Philadelphia Mayor Parker talks budget and public safety in Harrisburg

As the Pennsylvania General Assembly negotiates its next fiscal budget, Philadelphia Mayor Cherelle Parker appeared in Harrisburg on Monday to highlight her administration’s priorities while pressing the state Legislature to invest in the state’s largest city.

Parker, a former English teacher and state legislator, said she is “unapologetic” about her support for public education. She said she has worked with Democrats and Republicans to augment funding for the Philadelphia School District.

“Over the life of our five-year plan, we increased that amount to $129 million. I’m happy about it,” Parker said during a luncheon at the Pennsylvania Press Club. “But we need the Commonwealth of Pennsylvania and our General Assembly to act.”

Parker’s specific request to the Legislature is $242 million this year and $1.4 billion over the next seven years to ensure funding adequacy.

“The students of the Commonwealth of Pennsylvania in Philadelphia deserve this. We have improved our local offerings and Philadelphia has already done so. We need the Commonwealth of Pennsylvania to act,” Parker said.

As the state budget deadline approaches, the issue public education financing and charter schools returned to the forefront of discussion in the state legislature.

Parker said her city schools proposal has the support of Philadelphia City Council Speaker Kenyatta Johnson, time-honored public school advocates, charter school advocates and the city superintendent of schools.

“We’re not going to let anyone compete with us,” Parker said. “There are no divisions in Philadelphia that can be exploited.”

June 14 Parker signed her first budget since taking the oath of office earlier this year. She said the $6.37 billion “One Philly” budget includes $2 billion in up-to-date investments, $800 million in operations and $1.2 billion in capital improvements over the five-year plan.

“Philadelphia’s fiscal sustainability through our budget has been successfully established, but we also have a solid fiscal footing,” Parker said. She noted that the city recently received approx credit rating upgrade to A+ from Fitch.

She said her budget kept her campaign promise not to include any up-to-date taxes on Philadelphia residents.

Parker, who represented the 200th District in the House of Representatives from 2005 to 2015, credits her tenure in the Legislature with preparing her for her current role.

“I want you to know that as I was driving here and we were approaching the highway, it really felt like a homecoming,” Parker said. “Much of the work that I have been able to do in Philadelphia as a council member and now as mayor began during my term as a member of the Pennsylvania House of Representatives.”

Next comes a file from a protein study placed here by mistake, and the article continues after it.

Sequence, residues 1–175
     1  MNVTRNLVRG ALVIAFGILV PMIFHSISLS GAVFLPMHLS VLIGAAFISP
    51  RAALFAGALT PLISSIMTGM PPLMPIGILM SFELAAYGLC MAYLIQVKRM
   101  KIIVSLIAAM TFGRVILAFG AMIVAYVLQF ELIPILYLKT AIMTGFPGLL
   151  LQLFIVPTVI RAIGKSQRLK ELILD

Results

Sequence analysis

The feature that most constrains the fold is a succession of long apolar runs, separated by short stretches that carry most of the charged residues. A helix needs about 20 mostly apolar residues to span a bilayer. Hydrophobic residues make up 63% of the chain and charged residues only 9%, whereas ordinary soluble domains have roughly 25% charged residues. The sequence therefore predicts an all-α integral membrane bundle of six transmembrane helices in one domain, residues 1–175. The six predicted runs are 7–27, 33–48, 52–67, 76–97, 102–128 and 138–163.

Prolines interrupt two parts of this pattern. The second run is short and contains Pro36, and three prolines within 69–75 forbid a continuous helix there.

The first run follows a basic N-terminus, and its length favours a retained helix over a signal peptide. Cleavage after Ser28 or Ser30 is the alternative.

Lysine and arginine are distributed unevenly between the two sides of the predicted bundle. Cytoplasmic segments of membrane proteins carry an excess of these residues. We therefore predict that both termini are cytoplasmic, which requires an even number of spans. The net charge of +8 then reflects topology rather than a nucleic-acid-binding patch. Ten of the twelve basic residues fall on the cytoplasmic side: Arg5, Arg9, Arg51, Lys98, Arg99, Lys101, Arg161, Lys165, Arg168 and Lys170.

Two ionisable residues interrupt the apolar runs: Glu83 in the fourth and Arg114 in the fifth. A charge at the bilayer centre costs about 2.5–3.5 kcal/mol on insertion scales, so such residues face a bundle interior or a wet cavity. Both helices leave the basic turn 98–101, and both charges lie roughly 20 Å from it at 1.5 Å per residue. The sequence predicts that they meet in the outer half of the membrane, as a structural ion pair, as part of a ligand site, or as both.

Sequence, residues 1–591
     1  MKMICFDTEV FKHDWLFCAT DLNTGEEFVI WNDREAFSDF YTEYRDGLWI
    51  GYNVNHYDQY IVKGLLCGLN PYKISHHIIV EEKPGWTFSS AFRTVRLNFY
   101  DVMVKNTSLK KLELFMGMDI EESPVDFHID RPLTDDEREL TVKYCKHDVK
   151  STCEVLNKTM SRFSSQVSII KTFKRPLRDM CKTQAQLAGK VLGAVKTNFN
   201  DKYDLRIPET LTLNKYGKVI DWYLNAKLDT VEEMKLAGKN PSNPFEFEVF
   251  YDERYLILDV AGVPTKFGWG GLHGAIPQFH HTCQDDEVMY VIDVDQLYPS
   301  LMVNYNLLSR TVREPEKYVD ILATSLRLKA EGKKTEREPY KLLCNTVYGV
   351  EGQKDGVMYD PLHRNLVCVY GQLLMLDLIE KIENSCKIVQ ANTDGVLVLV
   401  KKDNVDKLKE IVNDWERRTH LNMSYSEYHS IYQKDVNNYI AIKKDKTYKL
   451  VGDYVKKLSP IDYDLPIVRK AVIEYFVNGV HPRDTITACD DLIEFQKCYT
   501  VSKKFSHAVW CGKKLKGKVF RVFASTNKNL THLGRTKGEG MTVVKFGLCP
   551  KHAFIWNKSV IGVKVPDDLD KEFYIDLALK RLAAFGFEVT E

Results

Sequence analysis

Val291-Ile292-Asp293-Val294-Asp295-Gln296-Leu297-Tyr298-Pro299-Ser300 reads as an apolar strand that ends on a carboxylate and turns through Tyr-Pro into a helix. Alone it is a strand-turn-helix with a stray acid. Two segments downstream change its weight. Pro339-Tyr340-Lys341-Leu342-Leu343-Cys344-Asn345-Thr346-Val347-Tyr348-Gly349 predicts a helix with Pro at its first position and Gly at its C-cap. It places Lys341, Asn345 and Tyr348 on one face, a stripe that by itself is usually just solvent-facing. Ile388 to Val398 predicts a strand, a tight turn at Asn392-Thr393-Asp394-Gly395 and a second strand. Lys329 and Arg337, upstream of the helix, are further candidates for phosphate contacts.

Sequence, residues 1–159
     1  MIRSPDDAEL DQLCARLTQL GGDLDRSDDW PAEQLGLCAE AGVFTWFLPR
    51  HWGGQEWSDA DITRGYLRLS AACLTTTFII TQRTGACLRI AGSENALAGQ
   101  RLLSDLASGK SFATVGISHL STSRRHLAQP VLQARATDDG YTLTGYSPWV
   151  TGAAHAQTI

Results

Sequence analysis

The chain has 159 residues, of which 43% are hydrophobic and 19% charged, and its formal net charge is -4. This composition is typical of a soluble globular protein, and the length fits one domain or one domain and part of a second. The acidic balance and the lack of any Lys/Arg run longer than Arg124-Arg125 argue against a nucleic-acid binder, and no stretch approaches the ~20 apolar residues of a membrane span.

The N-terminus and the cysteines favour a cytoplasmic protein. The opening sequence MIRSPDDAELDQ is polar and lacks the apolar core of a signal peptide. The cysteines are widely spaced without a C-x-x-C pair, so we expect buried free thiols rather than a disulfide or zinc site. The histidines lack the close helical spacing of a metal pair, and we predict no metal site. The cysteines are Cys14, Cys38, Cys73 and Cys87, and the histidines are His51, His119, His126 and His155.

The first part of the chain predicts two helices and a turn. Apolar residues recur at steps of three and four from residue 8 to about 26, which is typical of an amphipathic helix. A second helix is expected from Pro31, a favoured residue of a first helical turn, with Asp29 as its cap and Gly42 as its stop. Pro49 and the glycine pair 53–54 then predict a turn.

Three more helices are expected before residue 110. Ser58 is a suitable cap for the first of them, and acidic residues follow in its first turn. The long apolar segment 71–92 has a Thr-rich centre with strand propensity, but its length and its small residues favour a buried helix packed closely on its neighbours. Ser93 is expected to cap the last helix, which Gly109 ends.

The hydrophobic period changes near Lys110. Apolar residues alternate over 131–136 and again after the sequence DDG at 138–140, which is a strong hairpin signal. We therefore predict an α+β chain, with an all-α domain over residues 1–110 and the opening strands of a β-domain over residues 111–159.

During the question-and-answer portion of the show, Parker was asked about taking a “seriously neutral stance on expanding school choice” for students in low-performing schools and what’s keeping her from taking a stance on that debate. Based on her previous experience leading the House delegation in Philadelphia, she said it was essential that lawmakers were not “handcuffed” during budget negotiations.

Parker said education is a broad issue and referred to the Commonwealth Court’s decision finding the state’s school funding formula unconstitutional. Her position seems to be different from hers predecessor Jim Kenneywho he wasn’t seen as an ally of charter schools.

“But for us to take a stand for or against something that is as important to you as what you describe does not help us or our Philadelphia delegation,” Parker said.

During the Q&A, Parker was also asked about Gov. Josh Shapiro’s transportation funding plan.

“Southeastern Pennsylvania will not thrive without investment in mass transit,” Parker said, explaining that about 40% of the state’s revenue comes from Philadelphia and surrounding suburban counties that exploit SEPTA.

Shapiro’s budget proposal includes An augment of $283 million in statewide transit financing.

Parker said that while she is not involved in budget deliberations, she believes increasing funding for SEPTA is a “no-brainer” and added that increasing mass transit statewide will lend a hand all communities across the commonwealth.

She also said that, as with public education, her budget includes increasing the local share of public transportation funding.

“We just increased our budget by $117 million, so if anyone says Philadelphia isn’t paying its fair share, I want them to give me the exact numbers,” Parker said, referring to the augment in mass transit funding.

Parker also touched on the issue of public safety in Philadelphia.

“You can’t mention Philadelphia without someone mentioning public safety,” Parker said. “That is the main problem.”

She said the city’s comprehensive safety plan has already produced some positive results, pointing to data from Center for American Progress which showed that the city saw a decline in violent crimes and homicides in the first four months of the year.

“This mayor will not rest until the people who live, work and play, and our stakeholders in Philadelphia, feel safe in Philadelphia,” she said.

At the beginning of her speech, Parker asked for a moment of silence to honor the memory of a Philadelphia police officer who was shot in the line of duty Saturday and is in critical condition. Officials organized a press conference on Monday to provide an update the policeman’s health condition and publish a schedule of events.

Pennsylvania Senate Minority Leader Jay Costa (D-Allegheny) will be the keynote speaker next term Dinner at the Pennsylvania Press Club in July.

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